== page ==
Last updated on: September 14, 2020 at 11:32 pm IST
KOHIMA, SEPTEMBER 14: “I didn’t mean to cause hurt to any people. I have nothing against Nagas. My anger was towards those who threatened to kill and eat dogs. How can someone kill a dog?”
Hema Chowdhary, the angry animal rights activist whose objectionable video landed her in Nagaland’s jail is unapologetic about her aversion to people who eat dogs, or for that matter harm the “bezubaan” animals. But the Founder and Managing Director of Bezubaan Public Welfare Trust, a Mumbai-based animal welfare organization, says, “I am not a racist, and I never intended to cause harm to any Nagas.”
In a tête-à-tête with Nagaland Page at Kohima, Hema Chowdhary, who is currently out on bail, spoke about her career in Bollywood, memories of growing up in Hoogly district of West Bengal looked after by her grandmother, her passionate dedication towards the welfare of animals and the trauma of being locked up behind bars in an unfamiliar place far away from her family. She justified the motive behind the “derogatory” video. And she spoke of the kindness shown to her by Nagas.
Hema Chowdhary grew up without a father after her parents separated when she was a child. Her initial education was in rural Bengal and during her teens she had shifted to Mumbai. Chowdhary stepped into Bollywood, first employed as a Clap Girl. She claims to have worked with directors like David Dhavan, Raj Kumar Santoshi and handling events for the 1990s hit comedy hero Govinda. The animal rights activists had a stint in Kenya as a production manager of a news channel and worked in the costume department of Zee TV. She then started her own events management business handling star appearances for various events. The 43-year-old also owns a production house and has produced a Bhojpuri movie. Currently, her source of income is a guest house at Mumbai and an event-management company dealing in corporate events. According to Hema, her “food habits are like the English,” and she has traveled to many foreign countries. Saying that, Chowdhary who faces charges of racism makes a point, “I am well-traveled. I am a tourist. I am not a racist.” And yet even as she launched into rhetoric, it was evident that use of strong language, deemed offensive and which caused her much grief, she was true to her nature.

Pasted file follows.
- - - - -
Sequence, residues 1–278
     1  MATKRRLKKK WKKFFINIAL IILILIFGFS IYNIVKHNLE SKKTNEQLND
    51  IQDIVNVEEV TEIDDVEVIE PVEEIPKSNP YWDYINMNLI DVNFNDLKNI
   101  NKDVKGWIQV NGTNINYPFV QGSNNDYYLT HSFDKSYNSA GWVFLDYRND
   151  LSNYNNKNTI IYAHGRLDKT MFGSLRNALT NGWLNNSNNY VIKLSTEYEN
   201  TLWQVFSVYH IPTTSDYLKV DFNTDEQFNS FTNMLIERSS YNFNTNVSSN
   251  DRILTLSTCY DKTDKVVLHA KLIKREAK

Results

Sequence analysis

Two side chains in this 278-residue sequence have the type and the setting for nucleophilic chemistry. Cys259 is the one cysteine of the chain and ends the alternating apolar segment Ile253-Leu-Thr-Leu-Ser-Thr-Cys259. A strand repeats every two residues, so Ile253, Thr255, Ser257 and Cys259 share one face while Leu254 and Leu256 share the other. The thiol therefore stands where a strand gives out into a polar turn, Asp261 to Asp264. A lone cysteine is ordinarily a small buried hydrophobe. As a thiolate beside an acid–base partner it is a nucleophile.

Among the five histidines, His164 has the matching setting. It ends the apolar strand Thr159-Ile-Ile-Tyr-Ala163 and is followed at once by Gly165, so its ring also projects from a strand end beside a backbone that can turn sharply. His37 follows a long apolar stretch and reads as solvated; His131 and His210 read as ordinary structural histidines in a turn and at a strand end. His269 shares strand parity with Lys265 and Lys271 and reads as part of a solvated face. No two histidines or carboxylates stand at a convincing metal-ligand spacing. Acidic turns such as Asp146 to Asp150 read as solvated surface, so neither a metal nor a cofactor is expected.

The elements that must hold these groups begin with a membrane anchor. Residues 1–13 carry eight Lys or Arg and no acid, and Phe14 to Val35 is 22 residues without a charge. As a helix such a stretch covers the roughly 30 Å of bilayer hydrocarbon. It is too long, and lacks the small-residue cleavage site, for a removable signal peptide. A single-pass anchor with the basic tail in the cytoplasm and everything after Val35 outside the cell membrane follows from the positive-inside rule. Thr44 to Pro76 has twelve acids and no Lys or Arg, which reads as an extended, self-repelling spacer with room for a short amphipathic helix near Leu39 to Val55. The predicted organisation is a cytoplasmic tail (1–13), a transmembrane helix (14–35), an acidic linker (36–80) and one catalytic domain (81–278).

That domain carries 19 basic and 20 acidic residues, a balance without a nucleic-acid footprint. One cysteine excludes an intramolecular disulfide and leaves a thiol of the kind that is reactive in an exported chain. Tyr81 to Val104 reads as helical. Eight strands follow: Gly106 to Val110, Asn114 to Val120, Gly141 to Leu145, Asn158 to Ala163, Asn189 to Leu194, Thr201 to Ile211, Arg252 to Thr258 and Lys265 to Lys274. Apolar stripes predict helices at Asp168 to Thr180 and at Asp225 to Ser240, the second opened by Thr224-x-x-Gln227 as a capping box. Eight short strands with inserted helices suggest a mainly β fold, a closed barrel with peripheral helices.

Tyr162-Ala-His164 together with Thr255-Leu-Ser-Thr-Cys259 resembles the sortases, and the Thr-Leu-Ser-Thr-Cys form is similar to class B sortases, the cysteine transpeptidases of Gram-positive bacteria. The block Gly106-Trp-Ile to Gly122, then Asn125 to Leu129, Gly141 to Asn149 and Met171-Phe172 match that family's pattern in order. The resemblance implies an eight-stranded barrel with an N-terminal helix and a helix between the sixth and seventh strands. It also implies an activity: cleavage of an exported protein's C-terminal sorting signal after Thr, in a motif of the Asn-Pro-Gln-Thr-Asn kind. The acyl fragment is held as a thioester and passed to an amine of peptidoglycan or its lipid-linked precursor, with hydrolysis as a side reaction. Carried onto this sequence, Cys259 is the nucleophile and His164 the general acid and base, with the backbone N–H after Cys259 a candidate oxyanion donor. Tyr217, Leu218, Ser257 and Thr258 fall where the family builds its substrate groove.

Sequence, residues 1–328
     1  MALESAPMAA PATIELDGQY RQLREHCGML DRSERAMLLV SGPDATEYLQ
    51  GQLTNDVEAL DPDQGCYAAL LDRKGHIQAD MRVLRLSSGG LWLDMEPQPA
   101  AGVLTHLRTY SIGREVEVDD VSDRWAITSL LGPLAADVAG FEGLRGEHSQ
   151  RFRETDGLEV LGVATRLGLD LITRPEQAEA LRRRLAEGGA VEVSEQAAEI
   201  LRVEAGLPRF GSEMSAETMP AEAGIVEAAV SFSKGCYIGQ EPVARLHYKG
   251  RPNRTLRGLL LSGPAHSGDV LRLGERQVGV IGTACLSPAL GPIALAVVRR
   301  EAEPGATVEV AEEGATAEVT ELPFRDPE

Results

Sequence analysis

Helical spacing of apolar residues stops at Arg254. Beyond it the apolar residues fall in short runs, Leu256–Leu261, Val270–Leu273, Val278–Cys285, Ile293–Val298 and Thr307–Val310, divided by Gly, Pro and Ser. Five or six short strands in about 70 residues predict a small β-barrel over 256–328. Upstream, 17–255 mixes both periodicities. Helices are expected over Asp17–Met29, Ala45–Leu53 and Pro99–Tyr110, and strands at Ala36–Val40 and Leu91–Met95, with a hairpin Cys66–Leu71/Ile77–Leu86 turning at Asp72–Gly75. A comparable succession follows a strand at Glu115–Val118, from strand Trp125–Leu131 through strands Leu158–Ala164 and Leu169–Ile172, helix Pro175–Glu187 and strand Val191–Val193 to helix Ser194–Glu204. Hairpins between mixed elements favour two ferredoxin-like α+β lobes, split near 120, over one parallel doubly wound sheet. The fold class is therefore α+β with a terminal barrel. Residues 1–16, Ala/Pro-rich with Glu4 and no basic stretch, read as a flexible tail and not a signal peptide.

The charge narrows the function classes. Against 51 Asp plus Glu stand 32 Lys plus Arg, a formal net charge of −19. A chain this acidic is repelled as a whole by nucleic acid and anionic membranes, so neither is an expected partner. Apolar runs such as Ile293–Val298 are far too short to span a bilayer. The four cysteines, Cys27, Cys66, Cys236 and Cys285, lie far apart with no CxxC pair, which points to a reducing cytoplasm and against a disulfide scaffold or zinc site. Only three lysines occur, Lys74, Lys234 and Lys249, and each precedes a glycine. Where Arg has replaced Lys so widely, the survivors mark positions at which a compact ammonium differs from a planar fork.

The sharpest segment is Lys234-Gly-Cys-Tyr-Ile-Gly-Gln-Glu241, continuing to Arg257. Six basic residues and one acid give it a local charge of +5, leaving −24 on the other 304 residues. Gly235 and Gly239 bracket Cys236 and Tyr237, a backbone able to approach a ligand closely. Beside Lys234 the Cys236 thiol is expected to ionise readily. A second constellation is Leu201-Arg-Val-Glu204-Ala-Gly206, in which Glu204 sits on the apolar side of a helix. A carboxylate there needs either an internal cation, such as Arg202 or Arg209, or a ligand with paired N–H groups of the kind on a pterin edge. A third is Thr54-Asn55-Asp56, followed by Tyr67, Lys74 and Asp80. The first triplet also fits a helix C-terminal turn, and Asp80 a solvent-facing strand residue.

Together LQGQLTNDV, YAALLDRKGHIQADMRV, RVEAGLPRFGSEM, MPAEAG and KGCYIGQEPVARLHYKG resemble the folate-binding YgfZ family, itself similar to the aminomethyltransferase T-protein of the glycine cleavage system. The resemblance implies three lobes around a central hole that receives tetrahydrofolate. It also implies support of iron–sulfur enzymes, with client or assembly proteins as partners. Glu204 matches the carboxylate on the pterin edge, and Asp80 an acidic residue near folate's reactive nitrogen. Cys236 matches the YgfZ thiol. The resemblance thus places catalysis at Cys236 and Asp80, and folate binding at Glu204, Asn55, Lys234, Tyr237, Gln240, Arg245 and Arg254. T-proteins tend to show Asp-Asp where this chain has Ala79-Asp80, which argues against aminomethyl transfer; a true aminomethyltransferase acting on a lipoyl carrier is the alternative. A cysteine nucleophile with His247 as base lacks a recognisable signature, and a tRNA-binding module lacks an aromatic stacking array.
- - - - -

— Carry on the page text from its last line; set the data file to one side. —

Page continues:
Hema Chowdhary has the tendency of resorting to politically incorrect vitriol when provoked, more so when provoked by cruelty shown towards animals. Even before she had landed in hot soup for her tirade against “dog-eating Nagas,” Hema had employed equally strong and violent vocabulary in her video while reacting to the incident of killing of a “pregnant” elephant in Mallapuram, Kerala.
“I was already immensely distressed by the murder of the elephant in Kerala. And then soon after these photos of dogs tied in gunny sacks flooded social media and signature campaign demanding ban on dog meat in Nagaland happened. We got more signatures than targeted and I was happy when the Honourable Chief Minister of Nagaland banned killing of dogs and sale of dog meat.” Nagaland banned dog meat on July 3 after a petition started by journalist, parliamentarian and animal rights activist Pritish Nandy, and an organization called People For Animals. The ban on dog meat sparked a huge debate with some lauding the move, while many others including well-known intellectuals terming it as food-fascism.
“Even after the ban, people started posting that they are still killing and eating dogs. I am known for my work for animal welfare and people were tagging me on posts about dog killing. They wanted me to take a stand. That was when I made the video.” Hema’s video was created on July 5, a few days after the Nagaland Government ban. The run up to the ban also witnessed controversial and misleading statements by PFA-India, whose Founder and Chairperson is Maneka Gandhi.
“I was emotional, and my words came out wrong,” Hema accepts, and says that after her brother pointed out the use of the word “chinky” in her video, she immediately apologized. Questioned as to why she threatened to cause bodily harm in her video, Hema sought to justify her actions saying that some people were trolling and insisting that no one can stop them from eating dogs. “I was outraged and I meant to say that somebody kills a dog in front of me, I will cut their neck. I cannot imagine someone killing a dog.”